• http://www.transitionscollective.co.za/blog/?cat=9

    water and sanitation

  • http://www.transitionscollective.co.za/blog/?cat=6

    energy

  • http://www.transitionscollective.co.za/blog/?cat=8

    waste

  • http://www.transitionscollective.co.za/blog/?cat=7

    food security

  • http://www.transitionscollective.co.za/blog/?cat=3

    co-production

  • http://www.transitionscollective.co.za/blog/?cat=5

    eco design

  • http://www.transitionscollective.co.za/blog/?cat=11

    research

eco design

Building a house from recycled material sourced locally or from the nearest rubbish dump poses certain challenges in comfort and protection from the outside elements. Temperature fluctuations can be extreme when building with zinc ranging from the heat of the day to the cold of the night. Structures need to withstand strong winds and pelting rain to keep the interior dry. Building on a slope or a sand bed calls for different design interventions in laying a foundation. All these issues are faced daily by the slum dweller together with the fact that they are building without security of tenure. Sometimes, the slum dweller has a small window of opportunity to erect a shack before security forces intervene, so using material that is easy and quick to assemble also plays a part in house design. Once it is erected the slum dweller can incrementally improve on his or her house as time and money permits. Read more…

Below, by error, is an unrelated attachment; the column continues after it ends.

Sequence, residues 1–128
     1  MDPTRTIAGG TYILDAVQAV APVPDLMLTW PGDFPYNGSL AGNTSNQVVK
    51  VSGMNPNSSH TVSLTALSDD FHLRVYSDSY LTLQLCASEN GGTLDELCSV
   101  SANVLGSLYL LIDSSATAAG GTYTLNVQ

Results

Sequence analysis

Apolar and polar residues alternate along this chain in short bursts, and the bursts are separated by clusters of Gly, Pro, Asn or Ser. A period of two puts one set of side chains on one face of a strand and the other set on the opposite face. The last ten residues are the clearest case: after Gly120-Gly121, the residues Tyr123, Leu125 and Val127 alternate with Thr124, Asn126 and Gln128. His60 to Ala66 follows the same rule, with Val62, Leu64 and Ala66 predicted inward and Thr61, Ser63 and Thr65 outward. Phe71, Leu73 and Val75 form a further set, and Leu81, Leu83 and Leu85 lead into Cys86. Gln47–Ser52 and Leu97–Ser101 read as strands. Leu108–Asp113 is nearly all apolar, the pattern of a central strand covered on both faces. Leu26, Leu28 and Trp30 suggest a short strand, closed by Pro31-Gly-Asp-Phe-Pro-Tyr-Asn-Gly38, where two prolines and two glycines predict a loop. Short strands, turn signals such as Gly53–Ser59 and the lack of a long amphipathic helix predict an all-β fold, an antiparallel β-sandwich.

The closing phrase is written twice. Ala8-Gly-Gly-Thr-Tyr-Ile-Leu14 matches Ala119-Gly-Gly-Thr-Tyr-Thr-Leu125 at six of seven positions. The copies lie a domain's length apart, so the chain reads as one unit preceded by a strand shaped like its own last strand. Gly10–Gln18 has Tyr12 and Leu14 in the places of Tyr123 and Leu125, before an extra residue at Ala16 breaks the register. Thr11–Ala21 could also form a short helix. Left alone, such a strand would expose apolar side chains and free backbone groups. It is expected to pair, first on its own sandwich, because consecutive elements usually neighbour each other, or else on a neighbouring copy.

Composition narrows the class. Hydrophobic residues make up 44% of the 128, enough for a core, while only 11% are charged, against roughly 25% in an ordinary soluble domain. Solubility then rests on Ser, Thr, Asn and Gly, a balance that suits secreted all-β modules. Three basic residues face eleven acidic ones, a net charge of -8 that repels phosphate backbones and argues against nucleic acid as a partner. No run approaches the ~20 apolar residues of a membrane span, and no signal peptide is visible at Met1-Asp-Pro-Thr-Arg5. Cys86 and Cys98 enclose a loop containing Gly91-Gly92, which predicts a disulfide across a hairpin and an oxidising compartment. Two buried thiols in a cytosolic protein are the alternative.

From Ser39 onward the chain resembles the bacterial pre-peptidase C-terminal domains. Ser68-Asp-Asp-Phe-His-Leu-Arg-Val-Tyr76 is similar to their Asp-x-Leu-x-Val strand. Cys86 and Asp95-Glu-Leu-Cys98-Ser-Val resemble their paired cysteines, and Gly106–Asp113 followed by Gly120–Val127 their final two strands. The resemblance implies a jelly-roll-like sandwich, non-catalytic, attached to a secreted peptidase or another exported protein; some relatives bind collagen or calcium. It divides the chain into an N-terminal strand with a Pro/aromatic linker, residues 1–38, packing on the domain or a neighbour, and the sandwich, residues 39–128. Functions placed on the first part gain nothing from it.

Blog posts coming soon.